Arizona State University law professor Paul Bender noted that the pardon for President Richard Nixon after Watergate was seen as a unifying act and a way to move past the government distrust that was created.

This pardon for Arpaio does almost the exact opposite, Bender said. It incited controversy instead of calm.

Nonetheless, Trump said he thinks the people of Arizona, who know Arpaio best, would agree with his decision to let Arpaio off scot-free.

"Sheriff Joe is a patriot," Trump said. "Sheriff Joe loves our country. Sheriff Joe protected our borders."

The role of racism and the violation of civil rights has been at the center of the Arpaio case from the beginning.

To counteract the backlash, Arpaio's defense team put out a press release on Monday clarifying that Arpaio's guilty verdict was a result of violating a court order based on immigration status — not race.

While this claim is technically correct, many Arizonans did not appreciate the defense team splitting hairs on the issue.

On Monday, the legal team filed a motion for Arpaio to be exonerated of all convictions and for the case to be dismissed with prejudice, meaning the action against Arpaio cannot be brought up again.

Even though there won't be a sentencing hearing, Arpaio's lawyers are still defending the six-term sheriff.

Now, it's solely about reputation.

The self-proclaimed "America's Toughest Sheriff" is distressed and saddened that the media is calling him a racist and reporting that he was convicted for racial profiling, Arpaio's attorney Mark Goldman said.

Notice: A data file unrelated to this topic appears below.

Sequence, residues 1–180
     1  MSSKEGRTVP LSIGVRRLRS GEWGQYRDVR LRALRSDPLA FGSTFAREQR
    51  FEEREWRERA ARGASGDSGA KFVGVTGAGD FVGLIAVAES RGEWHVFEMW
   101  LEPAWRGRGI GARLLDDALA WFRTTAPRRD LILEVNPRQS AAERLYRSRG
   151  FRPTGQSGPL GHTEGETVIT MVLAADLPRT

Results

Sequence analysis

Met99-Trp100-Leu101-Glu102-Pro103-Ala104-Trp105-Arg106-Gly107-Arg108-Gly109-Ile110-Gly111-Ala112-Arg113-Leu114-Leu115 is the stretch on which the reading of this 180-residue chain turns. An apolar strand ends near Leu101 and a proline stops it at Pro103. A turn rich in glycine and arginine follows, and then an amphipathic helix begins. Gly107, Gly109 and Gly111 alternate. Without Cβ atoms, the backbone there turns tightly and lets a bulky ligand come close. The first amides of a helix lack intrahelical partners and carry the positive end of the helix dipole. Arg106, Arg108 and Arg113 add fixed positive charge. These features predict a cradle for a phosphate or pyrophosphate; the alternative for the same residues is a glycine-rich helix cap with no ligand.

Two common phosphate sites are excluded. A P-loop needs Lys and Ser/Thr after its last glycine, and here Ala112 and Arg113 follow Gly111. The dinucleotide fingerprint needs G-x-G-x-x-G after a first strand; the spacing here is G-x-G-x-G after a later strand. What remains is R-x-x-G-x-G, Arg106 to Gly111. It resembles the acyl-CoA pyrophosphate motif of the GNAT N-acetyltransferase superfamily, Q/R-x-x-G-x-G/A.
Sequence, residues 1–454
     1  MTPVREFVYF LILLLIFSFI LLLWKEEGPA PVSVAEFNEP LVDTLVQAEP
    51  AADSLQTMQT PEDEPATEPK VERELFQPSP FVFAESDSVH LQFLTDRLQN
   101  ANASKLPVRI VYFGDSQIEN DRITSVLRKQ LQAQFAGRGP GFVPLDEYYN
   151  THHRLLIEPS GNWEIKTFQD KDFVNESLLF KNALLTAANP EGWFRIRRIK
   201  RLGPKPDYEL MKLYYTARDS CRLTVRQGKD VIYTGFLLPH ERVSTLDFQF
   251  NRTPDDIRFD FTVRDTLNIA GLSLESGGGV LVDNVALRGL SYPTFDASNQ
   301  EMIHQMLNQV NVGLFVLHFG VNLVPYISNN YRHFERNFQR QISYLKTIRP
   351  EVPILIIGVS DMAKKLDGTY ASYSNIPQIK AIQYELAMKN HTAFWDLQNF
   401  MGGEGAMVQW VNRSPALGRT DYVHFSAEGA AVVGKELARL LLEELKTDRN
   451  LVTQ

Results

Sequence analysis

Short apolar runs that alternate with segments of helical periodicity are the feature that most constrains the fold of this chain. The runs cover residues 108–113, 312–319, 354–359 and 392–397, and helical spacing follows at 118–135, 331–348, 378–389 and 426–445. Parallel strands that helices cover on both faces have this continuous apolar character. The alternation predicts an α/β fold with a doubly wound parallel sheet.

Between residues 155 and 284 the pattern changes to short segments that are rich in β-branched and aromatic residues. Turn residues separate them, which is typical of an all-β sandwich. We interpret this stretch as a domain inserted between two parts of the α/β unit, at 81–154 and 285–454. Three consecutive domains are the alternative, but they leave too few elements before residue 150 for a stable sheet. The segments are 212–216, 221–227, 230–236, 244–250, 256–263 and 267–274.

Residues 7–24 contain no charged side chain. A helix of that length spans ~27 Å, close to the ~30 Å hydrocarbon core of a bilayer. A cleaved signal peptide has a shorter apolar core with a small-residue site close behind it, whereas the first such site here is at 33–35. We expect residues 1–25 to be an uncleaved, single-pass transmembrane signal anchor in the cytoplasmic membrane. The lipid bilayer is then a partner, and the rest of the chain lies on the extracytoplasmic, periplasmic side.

In response, Twitter users told Arpaio they are playing the world's smallest violin for him. Others called him a snowflake, among other choice words.

"I understand that some people are unhappy about it and I appreciate it," Goldman said. "I don't think it helps heal what problems still exist in our county or in the country. We seem to be in a perpetual cycle of anger."

Keep Phoenix New Times Free... Since we started Phoenix New Times, it has been defined as the free, independent voice of Phoenix, and we would like to keep it that way. Offering our readers free access to incisive coverage of local news, food and culture. Producing stories on everything from political scandals to the hottest new bands, with gutsy reporting, stylish writing, and staffers who've won everything from the Society of Professional Journalists' Sigma Delta Chi feature-writing award to the Casey Medal for Meritorious Journalism. But with local journalism's existence under siege and advertising revenue setbacks having a larger impact, it is important now more than ever for us to rally support behind funding our local journalism. You can help by participating in our "I Support" membership program, allowing us to keep covering Phoenix with no paywalls.

We use cookies to collect and analyze information on site performance and usage, and to enhance and customize content and advertisements. By clicking 'X' or continuing to use the site, you agree to allow cookies to be placed. To find out more, visit our cookies policy and our privacy policy.


Join the New Times community and help support independent local journalism in Phoenix.


Join the New Times community and help support independent local journalism in Phoenix.